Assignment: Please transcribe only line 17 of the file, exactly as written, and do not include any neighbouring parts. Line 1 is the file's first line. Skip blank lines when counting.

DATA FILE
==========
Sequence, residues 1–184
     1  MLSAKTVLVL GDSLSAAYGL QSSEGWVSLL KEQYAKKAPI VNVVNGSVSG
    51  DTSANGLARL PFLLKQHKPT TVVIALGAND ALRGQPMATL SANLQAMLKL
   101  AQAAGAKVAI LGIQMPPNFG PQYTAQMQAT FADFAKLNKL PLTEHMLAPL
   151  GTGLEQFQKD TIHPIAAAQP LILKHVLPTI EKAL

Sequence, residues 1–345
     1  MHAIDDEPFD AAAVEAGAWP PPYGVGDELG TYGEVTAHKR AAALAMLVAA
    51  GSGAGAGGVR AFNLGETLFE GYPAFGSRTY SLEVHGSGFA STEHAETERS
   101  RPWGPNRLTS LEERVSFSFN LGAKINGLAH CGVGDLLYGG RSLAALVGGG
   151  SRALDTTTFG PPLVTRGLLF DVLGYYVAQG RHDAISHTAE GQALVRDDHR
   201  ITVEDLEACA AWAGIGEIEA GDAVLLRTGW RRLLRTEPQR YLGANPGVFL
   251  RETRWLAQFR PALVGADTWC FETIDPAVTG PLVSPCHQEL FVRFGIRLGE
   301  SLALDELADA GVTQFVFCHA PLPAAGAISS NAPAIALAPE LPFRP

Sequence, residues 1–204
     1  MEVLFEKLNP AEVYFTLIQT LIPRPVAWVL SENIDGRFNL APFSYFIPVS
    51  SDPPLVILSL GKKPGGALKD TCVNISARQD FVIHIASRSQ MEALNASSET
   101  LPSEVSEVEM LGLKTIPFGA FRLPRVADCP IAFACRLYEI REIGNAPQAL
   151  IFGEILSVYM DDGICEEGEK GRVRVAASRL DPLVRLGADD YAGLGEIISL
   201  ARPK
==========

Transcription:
   101  LPSEVSEVEM LGLKTIPFGA FRLPRVADCP IAFACRLYEI REIGNAPQAL